Today is one of those days when our numerical weather models might really prove their value. Several of the local scale models today have been predicting strong or severe late-night thunderstorms. If these models are correct, thunderstorm development after dark may last until after midnight. The greatest risk according to these models is for areas east of I-25. Although the risk appears much lower for Boulder, Broomfield, and the central & west sides of Denver, don’t be too surprised if you experience a late night thunderstorm.
12:45 PM, Wednesday, June 3, 2015
After a few warm and dry days, the chance for thunderstorms is greater this afternoon and evening. In fact, a few spots will probably experience strong or severe thunderstorms with large hail, heavy rain, and/or strong wind this afternoon or evening.
Afternoon thunderstorms should develop again Thursday afternoon, but probably with lower intensity and less areal coverage than today.
The weather pattern will start to allow tropical Pacific moisture from off the Mexican west coast to move up over the southwestern U.S. this weekend, at least in the middle and upper levels of the atmosphere. This part of the Pacific is especially moist due to the current El Nino conditions. In fact, Hurricane Blanca will likely move toward the Gulf of Baja and add some extra tropical moisture to the pattern this weekend or early next week.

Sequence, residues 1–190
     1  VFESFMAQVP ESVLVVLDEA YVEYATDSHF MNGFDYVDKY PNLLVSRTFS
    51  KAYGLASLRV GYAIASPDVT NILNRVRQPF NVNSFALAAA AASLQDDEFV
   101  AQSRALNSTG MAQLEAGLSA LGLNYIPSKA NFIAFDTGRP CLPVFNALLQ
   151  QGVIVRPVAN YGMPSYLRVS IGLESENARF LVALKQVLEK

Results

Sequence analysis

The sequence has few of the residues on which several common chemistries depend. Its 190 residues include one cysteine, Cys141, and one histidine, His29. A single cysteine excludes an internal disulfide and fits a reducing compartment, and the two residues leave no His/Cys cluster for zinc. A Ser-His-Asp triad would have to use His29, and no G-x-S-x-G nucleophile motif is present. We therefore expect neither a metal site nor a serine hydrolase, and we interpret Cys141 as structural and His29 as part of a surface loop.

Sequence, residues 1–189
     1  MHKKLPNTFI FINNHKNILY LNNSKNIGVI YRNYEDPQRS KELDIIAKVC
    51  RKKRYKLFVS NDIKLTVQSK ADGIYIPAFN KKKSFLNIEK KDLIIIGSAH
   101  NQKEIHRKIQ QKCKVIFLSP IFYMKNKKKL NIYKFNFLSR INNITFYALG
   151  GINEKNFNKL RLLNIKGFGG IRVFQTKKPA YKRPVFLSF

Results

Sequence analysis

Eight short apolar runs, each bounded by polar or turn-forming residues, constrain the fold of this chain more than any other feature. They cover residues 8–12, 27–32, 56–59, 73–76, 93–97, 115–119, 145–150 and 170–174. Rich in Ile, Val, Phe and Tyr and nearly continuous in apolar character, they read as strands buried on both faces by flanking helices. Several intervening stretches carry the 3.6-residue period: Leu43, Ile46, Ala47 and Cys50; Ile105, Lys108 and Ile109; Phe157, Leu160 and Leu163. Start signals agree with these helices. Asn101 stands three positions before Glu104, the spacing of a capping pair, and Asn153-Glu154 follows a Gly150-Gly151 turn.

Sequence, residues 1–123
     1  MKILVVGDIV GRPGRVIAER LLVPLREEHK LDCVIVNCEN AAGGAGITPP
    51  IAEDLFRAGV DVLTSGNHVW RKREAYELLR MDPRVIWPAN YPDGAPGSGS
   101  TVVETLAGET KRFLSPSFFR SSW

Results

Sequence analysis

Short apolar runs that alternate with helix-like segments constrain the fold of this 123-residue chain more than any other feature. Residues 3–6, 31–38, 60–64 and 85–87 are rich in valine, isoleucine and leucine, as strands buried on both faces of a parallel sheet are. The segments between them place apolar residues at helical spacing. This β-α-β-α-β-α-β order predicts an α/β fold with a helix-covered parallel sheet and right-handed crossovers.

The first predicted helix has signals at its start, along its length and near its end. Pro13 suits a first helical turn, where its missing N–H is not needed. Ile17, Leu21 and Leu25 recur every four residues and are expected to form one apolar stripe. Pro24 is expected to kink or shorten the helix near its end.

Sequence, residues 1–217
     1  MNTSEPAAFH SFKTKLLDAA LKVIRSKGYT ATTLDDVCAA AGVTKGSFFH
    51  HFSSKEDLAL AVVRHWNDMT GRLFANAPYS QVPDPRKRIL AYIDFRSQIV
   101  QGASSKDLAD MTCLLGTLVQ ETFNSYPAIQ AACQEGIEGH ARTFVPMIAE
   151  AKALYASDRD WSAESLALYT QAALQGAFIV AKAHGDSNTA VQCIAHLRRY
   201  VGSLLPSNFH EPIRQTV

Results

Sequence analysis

It’s too early to tell if, or how much, this moisture will impact Colorado, but we should at least expect a period with numerous afternoon showers or thundershowers this weekend into next week. At this point it appears that the greatest impact from that moisture fetch may be in southern and/or western Colorado, but it will need to be monitored as Hurricane Blanca (and it’s remnants) move northward.